LumberJocks

Do I really need an 8" jointer?

  • Advertise with us

« back to Power Tools, Hardware and Accessories forum

Forum topic by Theokwoodworker posted 07-25-2019 11:48 AM 1292 views 0 times favorited 53 replies Add to Favorites Watch
View Theokwoodworker's profile

Theokwoodworker

12 posts in 173 days


07-25-2019 11:48 AM

I’ve been looking pretty hard at 8” jointers. It seems most require 220 service which my shop currently does not have. Can I get away with a 6”? I am doing this strictly as a hobby, I am only in the shop maybe 5-6 hours a week to give you some perspective. I don’t want to have to buy another jointer in 3 years because I need a bigger one but once you figure the cost of an 8” jointer plus running 220 we are getting into $2000 which is just too much for something I won’t use that often. So that said does anyone know of an 8” jointer that runs on 110? Or of a good 6” jointer model I should look at? Been looking at grizzly so far.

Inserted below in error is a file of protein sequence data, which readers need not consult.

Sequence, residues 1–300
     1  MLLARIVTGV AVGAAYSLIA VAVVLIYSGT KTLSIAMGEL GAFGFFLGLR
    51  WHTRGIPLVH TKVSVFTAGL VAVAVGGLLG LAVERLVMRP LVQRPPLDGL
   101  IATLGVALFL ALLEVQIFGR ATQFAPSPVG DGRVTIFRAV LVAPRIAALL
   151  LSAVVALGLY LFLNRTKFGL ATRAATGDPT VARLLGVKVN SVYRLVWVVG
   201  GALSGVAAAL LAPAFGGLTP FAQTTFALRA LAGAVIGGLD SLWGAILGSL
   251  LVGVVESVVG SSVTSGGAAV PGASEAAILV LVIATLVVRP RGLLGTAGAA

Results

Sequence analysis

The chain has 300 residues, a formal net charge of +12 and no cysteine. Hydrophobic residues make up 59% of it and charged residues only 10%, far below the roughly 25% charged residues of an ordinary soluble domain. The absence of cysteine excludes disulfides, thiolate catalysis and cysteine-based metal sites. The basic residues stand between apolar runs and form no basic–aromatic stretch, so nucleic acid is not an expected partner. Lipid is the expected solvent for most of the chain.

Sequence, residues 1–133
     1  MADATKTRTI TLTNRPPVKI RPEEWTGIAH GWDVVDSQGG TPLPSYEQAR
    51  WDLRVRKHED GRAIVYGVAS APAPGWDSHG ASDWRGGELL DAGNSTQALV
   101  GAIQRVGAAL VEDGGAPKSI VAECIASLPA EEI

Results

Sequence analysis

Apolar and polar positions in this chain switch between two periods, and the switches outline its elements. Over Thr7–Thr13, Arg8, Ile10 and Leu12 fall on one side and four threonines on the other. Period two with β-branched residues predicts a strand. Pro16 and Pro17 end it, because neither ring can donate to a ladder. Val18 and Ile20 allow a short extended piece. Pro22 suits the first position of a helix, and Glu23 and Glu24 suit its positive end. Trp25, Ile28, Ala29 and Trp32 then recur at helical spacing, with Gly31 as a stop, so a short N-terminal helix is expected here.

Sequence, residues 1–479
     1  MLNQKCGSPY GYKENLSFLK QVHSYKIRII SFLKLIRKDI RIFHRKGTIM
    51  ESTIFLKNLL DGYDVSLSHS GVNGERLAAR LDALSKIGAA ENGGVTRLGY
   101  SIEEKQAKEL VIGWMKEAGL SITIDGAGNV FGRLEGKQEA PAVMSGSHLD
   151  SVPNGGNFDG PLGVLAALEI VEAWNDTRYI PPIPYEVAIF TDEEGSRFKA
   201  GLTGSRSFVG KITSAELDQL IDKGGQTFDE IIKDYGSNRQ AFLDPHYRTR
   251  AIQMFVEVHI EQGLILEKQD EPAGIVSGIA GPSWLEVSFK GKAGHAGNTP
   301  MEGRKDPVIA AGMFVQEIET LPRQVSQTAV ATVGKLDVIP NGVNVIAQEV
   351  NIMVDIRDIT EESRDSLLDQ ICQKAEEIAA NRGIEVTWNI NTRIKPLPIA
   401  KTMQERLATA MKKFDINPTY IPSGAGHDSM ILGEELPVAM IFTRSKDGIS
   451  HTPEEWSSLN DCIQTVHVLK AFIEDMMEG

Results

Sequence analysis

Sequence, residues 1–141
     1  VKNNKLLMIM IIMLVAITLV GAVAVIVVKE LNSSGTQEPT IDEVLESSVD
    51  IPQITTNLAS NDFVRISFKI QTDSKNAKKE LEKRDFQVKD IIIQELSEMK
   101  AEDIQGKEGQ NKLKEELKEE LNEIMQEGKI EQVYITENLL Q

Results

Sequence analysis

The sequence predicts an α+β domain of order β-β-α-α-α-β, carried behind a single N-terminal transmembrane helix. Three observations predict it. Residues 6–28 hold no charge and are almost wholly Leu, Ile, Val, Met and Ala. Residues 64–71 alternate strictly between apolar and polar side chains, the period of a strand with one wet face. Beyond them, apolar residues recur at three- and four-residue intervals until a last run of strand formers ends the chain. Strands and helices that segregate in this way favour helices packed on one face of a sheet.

Thanks


53 replies so far

View OSU55's profile

OSU55

2383 posts in 2466 days


#1 posted 07-25-2019 12:12 PM

You wont get a consensus on size or whether one is needed. My jointer is a hand plane, used for straight perp edges. Use my planer and a simple sled with shims for getting a flat face. Powered jointer is faster. Becomes a time, $, and room question. I dont have the room and would not use it that much.

View LittleShaver's profile

LittleShaver

574 posts in 1096 days


#2 posted 07-25-2019 12:18 PM

+1 on OSU55’s comments. I have avoided any 220 machines as I have the tendency to relocate every few years. Could never see the point in spending the money for 220 service to leave behind. I usually flatten one face with hand planes then run it through the planner. Pure hobby woodworking and leaning more and more to hand tool work. I’m loosing my tolerance for noise.